“Get Off My Bus!”

They harassed us, instructed us, and tried to find our weakness, all to prepare us for the arrival a day or two later of our leader, the One, He Who Would Be Our Idol, the Senior Drill Instructor (SDI).

The SDI normally had the additional stripes of a staff sergeant or gunnery sergeant. We knew he must be fearsome because the lesser gods parted the seas before him, screaming “make a hole,” meaning to move out of the way or be booted out of the way.

We all fell in (lined up) in front of our wooden, rectangular-shaped, scarred lockers at the foot of our racks (bunk beds), at attention, or what we then thought was the position of attention. We soon found out it wasn’t.

There were two lines of young men facing each other about eight feet apart, all sizes, all backgrounds, all colors. We soon learned there were only two colors in the Marine Corps–light green and dark green–and the Corps would treat us all the same.

The SDI strode down the middle of our ranks slowly, his hands cupped together behind his back, silent, deadly looking. He was probably not six feet tall, but to us he looked much larger. On his chest he wore ribbons and medals noting his combat service in Vietnam. As he took each step, he looked each of us in the eye, disdainfully, disgustedly.

When he reached the end of the squad bay, he pivoted perfectly and, without breaking stride, retraced his steps to the front, where he stopped, clicked his heels together, and executed what we later learned was an “about-face.”

He talked to us then, not in a scream, but in a low, slow, menacing voice that barely masked his intense anger: “You are by far the most pitiful bunch of maggots I have ever seen in my life. I cannot believe they would send you here to be Marines. You all belong home with your mamas.”

Then, turning on his heel, he barked over his shoulder as he left the room, “Drill Instructors, square these dirtbags away!”

At that point, we did look like a rag-tag bunch of misfits. Our freshly sheared, pasty-white heads made us stand out as recruits. Our rumpled, unstarched, unironed, sateen-green field uniforms resembled the clothing of a bunch of wayfaring refugees.

As a unit–at that point–we were a mob. We were still thinking in terms of “I” and “me.” Those two terms were banished from our vocabulary in short order.

We would learn that the strength of a unit is not in the individual, but in the group; this applies to any unit, from a Marine Corps training platoon to an entire country, like the United States of America.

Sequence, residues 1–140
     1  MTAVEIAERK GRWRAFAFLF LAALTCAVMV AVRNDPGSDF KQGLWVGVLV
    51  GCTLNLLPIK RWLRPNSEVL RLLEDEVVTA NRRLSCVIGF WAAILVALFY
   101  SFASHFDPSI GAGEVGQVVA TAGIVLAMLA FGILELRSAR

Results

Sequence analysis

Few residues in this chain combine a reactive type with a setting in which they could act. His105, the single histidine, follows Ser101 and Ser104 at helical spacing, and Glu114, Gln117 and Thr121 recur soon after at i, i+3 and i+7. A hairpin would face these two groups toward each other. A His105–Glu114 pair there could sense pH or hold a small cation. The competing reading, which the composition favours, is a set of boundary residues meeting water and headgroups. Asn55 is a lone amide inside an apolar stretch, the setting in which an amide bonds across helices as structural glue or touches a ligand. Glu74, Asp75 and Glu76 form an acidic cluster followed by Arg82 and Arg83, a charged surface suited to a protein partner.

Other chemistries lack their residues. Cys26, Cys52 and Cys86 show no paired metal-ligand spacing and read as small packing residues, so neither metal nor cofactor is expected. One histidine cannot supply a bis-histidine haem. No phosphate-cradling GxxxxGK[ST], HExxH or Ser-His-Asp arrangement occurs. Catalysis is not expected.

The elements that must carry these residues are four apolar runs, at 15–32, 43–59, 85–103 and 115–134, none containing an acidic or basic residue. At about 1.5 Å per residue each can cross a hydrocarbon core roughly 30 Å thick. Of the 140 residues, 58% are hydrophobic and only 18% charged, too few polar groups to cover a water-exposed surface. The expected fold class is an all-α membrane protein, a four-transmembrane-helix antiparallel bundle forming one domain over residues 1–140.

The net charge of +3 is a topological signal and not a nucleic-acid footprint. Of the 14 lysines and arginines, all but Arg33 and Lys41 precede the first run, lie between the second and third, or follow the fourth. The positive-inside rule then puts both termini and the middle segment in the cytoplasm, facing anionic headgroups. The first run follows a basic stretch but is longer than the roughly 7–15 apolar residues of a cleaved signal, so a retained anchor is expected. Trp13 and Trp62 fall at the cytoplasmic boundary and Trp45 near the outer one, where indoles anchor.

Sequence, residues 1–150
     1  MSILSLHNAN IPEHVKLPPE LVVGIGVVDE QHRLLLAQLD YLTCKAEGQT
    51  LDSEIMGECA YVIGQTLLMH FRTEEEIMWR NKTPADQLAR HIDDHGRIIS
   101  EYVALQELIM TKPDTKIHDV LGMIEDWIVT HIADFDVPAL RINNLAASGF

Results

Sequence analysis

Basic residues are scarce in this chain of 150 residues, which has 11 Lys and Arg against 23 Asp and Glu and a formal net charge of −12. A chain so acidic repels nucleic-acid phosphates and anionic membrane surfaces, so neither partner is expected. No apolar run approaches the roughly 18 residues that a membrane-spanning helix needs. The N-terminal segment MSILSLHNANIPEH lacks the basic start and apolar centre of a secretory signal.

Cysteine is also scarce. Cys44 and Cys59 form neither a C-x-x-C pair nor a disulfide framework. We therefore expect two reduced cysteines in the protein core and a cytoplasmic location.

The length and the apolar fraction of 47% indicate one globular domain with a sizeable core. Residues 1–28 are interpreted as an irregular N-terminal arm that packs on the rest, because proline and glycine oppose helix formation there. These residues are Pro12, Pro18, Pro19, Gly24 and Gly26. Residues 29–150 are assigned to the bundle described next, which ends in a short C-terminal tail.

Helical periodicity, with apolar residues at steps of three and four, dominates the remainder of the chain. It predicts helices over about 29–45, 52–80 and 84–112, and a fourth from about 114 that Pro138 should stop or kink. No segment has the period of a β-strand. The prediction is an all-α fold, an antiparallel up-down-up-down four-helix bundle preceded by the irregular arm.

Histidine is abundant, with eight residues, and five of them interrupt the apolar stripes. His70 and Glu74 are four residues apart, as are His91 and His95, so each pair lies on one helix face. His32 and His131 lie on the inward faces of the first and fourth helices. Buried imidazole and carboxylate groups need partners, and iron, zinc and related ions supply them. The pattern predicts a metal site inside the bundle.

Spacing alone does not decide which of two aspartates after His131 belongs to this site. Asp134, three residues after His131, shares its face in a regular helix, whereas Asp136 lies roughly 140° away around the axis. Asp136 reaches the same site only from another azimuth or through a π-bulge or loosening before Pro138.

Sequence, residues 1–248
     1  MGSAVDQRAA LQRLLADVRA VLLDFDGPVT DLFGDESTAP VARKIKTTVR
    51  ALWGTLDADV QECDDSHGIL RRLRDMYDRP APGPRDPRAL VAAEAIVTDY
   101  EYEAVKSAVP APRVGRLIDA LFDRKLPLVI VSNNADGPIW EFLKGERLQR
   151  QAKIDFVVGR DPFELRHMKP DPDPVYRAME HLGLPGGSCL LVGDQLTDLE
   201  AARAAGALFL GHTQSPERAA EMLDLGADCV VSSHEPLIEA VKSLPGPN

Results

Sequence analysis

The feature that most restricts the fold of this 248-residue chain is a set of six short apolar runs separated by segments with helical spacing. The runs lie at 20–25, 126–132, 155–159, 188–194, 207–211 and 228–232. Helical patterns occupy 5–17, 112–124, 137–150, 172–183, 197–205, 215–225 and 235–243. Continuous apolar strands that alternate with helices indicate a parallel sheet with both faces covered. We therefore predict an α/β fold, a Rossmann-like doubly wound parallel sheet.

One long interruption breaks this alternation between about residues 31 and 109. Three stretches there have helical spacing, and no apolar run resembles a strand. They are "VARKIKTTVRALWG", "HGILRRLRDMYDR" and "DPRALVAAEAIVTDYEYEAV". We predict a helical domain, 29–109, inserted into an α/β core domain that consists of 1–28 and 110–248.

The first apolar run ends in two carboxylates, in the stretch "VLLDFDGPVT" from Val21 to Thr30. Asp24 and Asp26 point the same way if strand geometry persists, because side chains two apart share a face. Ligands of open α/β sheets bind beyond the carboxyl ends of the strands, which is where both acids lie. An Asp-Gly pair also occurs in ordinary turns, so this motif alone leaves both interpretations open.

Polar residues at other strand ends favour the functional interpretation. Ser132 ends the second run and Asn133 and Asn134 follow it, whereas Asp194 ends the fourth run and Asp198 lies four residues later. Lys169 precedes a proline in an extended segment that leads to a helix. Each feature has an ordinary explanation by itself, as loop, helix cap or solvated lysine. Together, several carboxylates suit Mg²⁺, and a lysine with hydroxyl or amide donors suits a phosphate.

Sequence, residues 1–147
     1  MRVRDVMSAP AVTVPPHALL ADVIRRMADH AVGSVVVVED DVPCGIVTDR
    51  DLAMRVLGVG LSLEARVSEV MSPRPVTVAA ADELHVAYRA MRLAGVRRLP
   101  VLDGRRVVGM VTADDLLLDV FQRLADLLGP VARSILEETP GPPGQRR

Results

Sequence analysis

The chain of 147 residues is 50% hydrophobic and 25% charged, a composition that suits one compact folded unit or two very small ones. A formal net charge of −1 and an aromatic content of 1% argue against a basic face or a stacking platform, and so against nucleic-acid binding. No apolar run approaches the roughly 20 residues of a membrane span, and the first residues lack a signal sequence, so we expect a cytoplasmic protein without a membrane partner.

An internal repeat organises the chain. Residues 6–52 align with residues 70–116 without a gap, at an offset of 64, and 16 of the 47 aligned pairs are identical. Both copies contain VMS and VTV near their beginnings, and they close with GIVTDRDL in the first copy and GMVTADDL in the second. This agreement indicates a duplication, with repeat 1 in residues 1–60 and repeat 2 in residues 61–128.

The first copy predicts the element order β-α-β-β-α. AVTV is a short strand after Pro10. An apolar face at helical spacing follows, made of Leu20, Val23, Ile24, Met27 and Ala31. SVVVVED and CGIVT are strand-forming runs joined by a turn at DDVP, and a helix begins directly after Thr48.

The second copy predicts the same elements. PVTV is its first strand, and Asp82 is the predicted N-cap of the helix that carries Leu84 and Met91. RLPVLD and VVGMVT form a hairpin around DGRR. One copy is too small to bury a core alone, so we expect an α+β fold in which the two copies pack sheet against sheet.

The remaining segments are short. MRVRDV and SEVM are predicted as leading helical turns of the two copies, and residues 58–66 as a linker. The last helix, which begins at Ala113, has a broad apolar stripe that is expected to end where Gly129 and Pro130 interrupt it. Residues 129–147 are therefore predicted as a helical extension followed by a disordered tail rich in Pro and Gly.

We would learn that our focus had to be on helping our fellow Marines to be successful, because if they failed, we failed.

We would learn to never, ever leave our fellow Marines behind, whether on a three-mile run or on a battlefield. We started together, we finished together.

We would learn many things over the next 12 weeks, but the most valuable was the one Marines take to their grave, whether in for three years or 30: “Once a Marine, always a Marine.”

Male or female, white, black, red, or yellow, short or tall, fat or skinny, we would learn that once we earned that title, we could always turn to another Marine and say “help,” and hundreds of years of tradition would demand it be given.

We would learn that united we are unbeatable, but divided we leave gaps in our ranks that the enemy will exploit. This is a lesson America needs now.

Next issue: The real training begins.

Randy Gaddo, a retired Marine, who also served until recently in municipal parks and recreation, lives in Peachtree City, Ga., and can be reached at (678) 350-8642 or email cwo4usmc@comcast.net.

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  1. Leadership By Wandering Around
  2. The History And Tradition Of Recreation
  3. Second Chances
  4. Training Begins
  5. The Importance Of Employee Recognition

One comment on ““Get Off My Bus!”

  1. Kelli Witmer on said:

    Once a Marine, Always A Marine … is a fantastic story and I can’t wait until the 2nd part of the story. In one of our parks, we are creating an outdoor area that details American history, with an emphasis on the Constitution and the military branches. It’s always great to read a personal account of military service. Thank you, Mr. Gaddo, for your service.

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